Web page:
Twenty years ago, my book on Neo-Nazis: A Growing Threat (shown above) was published. Unfortunately, that threat is still real and it involves not just Neo-Nazis but the entire white nationalist/supremacist movement that is growing in the United States and worldwide. Groups such as the Ku Klux Klan, neo-Confederates, and Christian Identity are also white nationalists. They all focus on what they believe is the inferiority of nonwhites and their hatred of Jews.
Christian Identity (or simply Identity) is a religious ideology that is still preached in extreme right-wing circles. Using pseudo Christian teachings, Identity is based on a “two-seed” theory of humankind origin. In the biblical story of Adam and Eve, the couple had two sons, Cain and Abel. A jealous Cain killed Abel. But according to Identity, there were two sons named Abel and Seth. Supposedly Eve then had sexual intercourse with a snake and produced Cain who murdered Abel.
Many Identity believers “consider Jews to be the Satanic offspring of Eve and the Serpent, while non-whites are called ‘mud peoples’ created before Adam and Eve. Identity’s “virulent racist and anti-Semitic beliefs are usually accompanied by extreme anti-government sentiments. Despite its small size, Christian Identity influences virtually all white supremacist and extreme anti-government movements. It has also informed criminal behavior ranging from hate crimes to acts of terrorism,” according to the Anti-Defamation League.
In the past, Identity leaders have included Robert Miles (now dead), the KKK Grand Dragon of Michigan and Richard Butler (who died in 2004), founder of the Aryan Nations. Butler built a military compound in Idaho with hopes of establishing a whites-only homeland in northwestern states. Aryan Nations was an anti-Semitic and anti-black group that became one of the most dangerous white-supremacist organizations from the 1970s through the 1990s.
Today little has changed except for names and places. As the Southern Poverty Law Center noted: “Adherents of white nationalist groups believe that white identity should be the organizing principle of the countries that make up Western civilization. White nationalists advocate for policies to reverse changing demographics and the loss of an absolute, white majority. Ending non-white immigration, both legal and illegal, is an urgent priority.”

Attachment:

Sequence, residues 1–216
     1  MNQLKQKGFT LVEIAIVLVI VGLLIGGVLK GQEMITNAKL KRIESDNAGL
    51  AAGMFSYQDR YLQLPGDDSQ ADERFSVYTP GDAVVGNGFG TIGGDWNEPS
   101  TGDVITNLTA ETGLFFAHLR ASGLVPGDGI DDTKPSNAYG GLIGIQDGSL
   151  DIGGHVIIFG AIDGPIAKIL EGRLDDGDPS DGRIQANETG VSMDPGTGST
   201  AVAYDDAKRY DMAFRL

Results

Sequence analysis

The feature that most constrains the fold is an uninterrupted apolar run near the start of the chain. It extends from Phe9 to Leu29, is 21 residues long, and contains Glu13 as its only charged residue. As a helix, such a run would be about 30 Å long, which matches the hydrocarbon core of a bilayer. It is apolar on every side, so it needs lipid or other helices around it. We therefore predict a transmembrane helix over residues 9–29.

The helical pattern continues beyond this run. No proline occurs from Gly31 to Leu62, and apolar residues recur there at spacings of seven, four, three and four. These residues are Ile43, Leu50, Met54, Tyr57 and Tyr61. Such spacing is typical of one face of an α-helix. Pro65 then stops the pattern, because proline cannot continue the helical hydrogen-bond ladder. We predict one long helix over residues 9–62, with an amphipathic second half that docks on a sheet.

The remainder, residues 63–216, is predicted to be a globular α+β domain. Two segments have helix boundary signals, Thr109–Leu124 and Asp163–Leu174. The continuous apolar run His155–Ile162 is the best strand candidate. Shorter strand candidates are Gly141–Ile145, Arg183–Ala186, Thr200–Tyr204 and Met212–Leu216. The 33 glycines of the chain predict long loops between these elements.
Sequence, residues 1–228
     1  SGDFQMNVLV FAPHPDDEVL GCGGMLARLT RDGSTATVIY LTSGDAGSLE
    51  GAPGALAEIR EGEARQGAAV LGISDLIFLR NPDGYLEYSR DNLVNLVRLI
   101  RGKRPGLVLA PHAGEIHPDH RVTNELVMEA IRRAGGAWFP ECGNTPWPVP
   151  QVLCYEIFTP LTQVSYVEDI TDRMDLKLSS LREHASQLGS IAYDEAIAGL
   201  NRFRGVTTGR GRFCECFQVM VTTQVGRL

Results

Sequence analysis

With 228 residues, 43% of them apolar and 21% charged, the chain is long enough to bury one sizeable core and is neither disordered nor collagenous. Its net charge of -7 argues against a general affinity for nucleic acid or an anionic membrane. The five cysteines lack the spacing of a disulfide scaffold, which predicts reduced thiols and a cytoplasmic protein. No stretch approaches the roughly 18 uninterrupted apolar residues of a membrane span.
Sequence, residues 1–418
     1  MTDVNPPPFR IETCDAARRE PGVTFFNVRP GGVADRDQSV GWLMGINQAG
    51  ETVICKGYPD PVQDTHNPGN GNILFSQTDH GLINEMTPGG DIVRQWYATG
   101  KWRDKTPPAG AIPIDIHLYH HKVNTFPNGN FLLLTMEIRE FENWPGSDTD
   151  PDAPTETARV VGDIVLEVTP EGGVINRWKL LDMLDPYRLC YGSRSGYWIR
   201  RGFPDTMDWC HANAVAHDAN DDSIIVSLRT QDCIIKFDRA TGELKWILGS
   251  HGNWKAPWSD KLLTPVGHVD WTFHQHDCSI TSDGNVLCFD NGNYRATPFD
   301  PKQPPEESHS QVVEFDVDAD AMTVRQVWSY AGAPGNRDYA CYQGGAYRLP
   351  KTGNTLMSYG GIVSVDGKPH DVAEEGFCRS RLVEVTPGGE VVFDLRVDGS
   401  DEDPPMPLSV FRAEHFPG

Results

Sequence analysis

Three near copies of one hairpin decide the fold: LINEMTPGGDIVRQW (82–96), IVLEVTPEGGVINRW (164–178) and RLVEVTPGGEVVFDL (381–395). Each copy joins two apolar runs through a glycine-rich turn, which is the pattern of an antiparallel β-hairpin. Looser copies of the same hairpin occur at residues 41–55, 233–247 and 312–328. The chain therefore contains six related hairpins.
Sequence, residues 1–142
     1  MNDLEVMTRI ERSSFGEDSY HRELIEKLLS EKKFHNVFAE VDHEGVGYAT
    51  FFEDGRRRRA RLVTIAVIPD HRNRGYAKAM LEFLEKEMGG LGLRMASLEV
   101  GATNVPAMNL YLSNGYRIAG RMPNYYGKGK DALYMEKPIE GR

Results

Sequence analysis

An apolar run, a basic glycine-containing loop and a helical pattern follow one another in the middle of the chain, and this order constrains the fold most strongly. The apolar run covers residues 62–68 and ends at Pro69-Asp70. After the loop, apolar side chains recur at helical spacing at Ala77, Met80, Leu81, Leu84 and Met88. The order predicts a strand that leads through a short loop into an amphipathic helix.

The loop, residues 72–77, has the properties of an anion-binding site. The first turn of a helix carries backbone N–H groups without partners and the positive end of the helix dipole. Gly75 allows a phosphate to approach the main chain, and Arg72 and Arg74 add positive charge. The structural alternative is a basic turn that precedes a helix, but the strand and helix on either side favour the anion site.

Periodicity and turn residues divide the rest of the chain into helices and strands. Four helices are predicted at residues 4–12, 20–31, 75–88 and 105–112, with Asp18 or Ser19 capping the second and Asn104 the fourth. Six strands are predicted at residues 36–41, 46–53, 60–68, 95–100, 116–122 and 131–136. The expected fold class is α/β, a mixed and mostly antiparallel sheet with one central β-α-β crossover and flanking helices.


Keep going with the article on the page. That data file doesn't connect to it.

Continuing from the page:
And there is no doubt that white nationalists/supremacists spread their hatred of Judaism, as almost anyone who follows the news is aware. Their hatred becomes the basis for manifestos like that of the nineteen-year-old who entered the Poway, California, Chabad Synagogue with the clear intent to kill as many people as possible. White supremacists beliefs also led to the murders at the Tree of Life Synagogue in Pittsburgh, Pennsylvania, and the mass killings of Muslims at Christchurch mosque in New Zealand.
There have been many more of these hate crimes and people have lamented and offered “thoughts and prayers” for the victims. Indeed, Trump called the rabbi at the Poway synagogue to offer his condolences and the rabbi publicly announced his gratitude and heaped abundant praise on Trump. However, the rabbi (fraught with grief) may not have known or been aware that Trump has done little to stem the increasing threat of white nationalism and anti-Semitic attacks. In fact, when asked whether white nationalism is a rising global threat, Trump said “I don’t really. I think it’s a small group of people that have very, very serious problems, I guess.” Well if he would read or listen to experts studying white nationalism and white supremacists, he wouldn’t be guessing.
Jonathan Greenblatt, chief executive of the Anti-Defamation League, told CNN: “From the White House to the House of Representatives, we have people trivializing and politicizing anti-Semitism and other forms of intolerance. It’s unconscionable…. It is time for the White House, for Congress, to apply the resources to this problem that we applied to the problem of Islamic jihadist terrorism since 9/11.”